Wednesday, 29 January 2014

There is no Dark Side.
There is only fear of the dark.

Rambling preamble:

This story did not come easy. I knew it was there, for I had told it to a friend some years ago, and it came out neat, forceful and viable. And now that I need to write it, it has been refusing to be written – so I finally went away to give myself alone time and writing time.

And in my alone time, I slipped into the no-feel/no-show mode that I was very good at as a child, my reptile brain's freeze response when fight or flight was impossible: Feel no emotion, show no reaction.

When I am interacting with others, I have learned to recognize the signs of impending no-feel/no show, and I can divert the shutdown by choosing to be aware of what is going on.

But now I am interacting with Littlest, my most vulnerable, almost non-verbal inner metaphor, and Littlest is scared. And when Littlest is scared, mindfulness cannot get me out of no-feel/no show.

I can, as so often before, allow Littlest her fear, accept it and respect it, and then show her that there is no need for no-feel/no show in the life I am living now.

I can, as so often before, show her that the shutdown of no-feel/no show creates more problems than it solves.

And I can allow room for the dignity of Littlest by thanking her sincerely and respectfully for helping me survive all the years when shutdown was needed. When shutdown was essential to survival.

Sleep helps a lot. When I go away to be by myself and write, there is often little actual writing, much aimless wandering and many daytime naps. My mind’s eye sees a lot of rewiring going on in these periods, and it is the results of the rewiring that eventually get written about.

So, as often before, when I try to force myself to write, thoughts and words scatter like tadpoles.

And this time, Littlest is actively scattering. She does not want to go where I am heading, and being told that we are perfectly safe, on a huge ferry sailing between Oslo and Copenhagen, with hundreds of people around us, is completely irrelevant to her.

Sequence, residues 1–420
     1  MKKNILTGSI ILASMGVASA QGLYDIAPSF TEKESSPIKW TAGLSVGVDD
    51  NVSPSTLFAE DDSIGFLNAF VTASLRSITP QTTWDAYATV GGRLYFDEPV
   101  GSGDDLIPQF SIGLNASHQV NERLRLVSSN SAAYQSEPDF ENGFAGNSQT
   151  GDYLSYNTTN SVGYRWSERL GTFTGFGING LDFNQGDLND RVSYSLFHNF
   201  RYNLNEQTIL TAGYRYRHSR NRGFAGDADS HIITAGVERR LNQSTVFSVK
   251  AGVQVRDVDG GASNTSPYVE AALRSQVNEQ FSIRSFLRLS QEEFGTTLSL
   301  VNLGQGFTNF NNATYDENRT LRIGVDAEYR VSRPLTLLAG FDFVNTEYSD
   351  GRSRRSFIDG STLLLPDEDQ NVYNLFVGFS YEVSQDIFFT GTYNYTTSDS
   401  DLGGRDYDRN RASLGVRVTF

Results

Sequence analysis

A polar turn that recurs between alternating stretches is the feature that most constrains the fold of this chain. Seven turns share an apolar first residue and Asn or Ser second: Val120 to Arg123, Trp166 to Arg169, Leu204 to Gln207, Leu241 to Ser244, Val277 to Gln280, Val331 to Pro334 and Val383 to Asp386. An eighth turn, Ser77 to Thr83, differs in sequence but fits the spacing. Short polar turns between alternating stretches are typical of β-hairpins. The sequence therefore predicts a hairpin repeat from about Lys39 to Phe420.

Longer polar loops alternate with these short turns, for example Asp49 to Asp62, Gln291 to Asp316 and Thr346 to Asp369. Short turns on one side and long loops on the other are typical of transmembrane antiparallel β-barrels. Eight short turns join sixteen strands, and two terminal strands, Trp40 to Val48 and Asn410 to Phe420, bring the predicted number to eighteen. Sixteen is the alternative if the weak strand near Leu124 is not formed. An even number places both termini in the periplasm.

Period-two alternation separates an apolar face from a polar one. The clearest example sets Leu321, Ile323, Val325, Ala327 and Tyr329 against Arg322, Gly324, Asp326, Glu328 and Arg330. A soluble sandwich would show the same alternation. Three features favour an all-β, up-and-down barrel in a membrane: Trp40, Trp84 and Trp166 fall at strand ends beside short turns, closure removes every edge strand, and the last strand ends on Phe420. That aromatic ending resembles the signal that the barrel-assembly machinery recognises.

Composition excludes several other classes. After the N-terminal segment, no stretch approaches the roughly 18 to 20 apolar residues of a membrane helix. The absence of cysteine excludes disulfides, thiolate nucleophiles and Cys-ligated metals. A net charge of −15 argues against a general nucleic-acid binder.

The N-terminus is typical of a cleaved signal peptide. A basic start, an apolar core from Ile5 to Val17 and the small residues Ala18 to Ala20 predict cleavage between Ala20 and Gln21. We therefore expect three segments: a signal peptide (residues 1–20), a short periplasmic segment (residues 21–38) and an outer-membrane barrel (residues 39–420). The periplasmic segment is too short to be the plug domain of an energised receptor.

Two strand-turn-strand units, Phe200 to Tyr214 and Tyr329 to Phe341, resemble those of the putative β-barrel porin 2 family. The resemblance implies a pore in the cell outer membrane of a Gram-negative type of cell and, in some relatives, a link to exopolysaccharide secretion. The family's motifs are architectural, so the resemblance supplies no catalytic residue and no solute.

HERE AND NOW is not important.

THEN AND THERE, the past that I want to write about, is scary and dangerous, and Littlest does not want to go there.

Going there is to die.

So Littlest and I shared three days of almost nonverbal togetherness, sleep and aimless wandering before I could begin to scratch words in pencil on paper in a flurry of eraser crumbs.

Keyboard time, now time, is rewriting time. The keyboard creates distance, and my handwriting shows me where I am in myself.

I have thanked Littlest for her shutdown, for helping to rewire my thoughts and adjust the story, and she is with me this time, virtually sitting on my shoulder and clinging to my hair as I wind off this preamble and begin to discover what the story looks like with her additions. It begins like this:


Let’s get this completely straight. We are not in the Star Wars universe. There is no dark side, ready to engulf the unwary and turn them into Darth Vader.

And - I deeply regret having to say this - there is no Force that, like duct tape, has a bright side and a dark side and holds the universe together.

There is fear.

Fear of the dark.

And George Lucas mined heavily into this primal fear when he created the Star Wars stories.

I have another story. I have no idea if it is true, it’s just a story,  a story that makes it easier for me to see harm that is done to children and the powerless, and that is good enough for me.

My story is a story where you don’t become Darth Vader when the dark engulfs you.

You become dead.

On this day of rewriting I have been with a grandson when his parents were away, and he asked me to stay with him whilst he fell asleep. I was thinking of Littlest when I lay beside him and felt his small hand on my arm, thinking of the primal need to feel the warmth of another body, hear the breath of another person, as one relaxed into sleep. And I was so pleased that the parents of my grandchildren had done as we did, and let their kids sleep with them.

In Go Ahead—Sleep With Your Kids, Robert Wright explains it like this:

According to Ferber, the trouble with letting a child who fears sleeping alone into your bed is that "you are not really solving the problem. There must be a reason why he is so fearful." Yes, there must. Here's one candidate. Maybe your child's brain was designed by natural selection over millions of years during which mothers slept with their babies. Maybe back then if babies found themselves completely alone at night it often meant something horrific had happened - the mother had been eaten by a beast, say. Maybe the young brain is designed to respond to this situation by screaming frantically so that any relatives within earshot will discover the child. Maybe, in short, the reason that kids left alone sound terrified is that kids left alone naturally get terrified. Just a theory.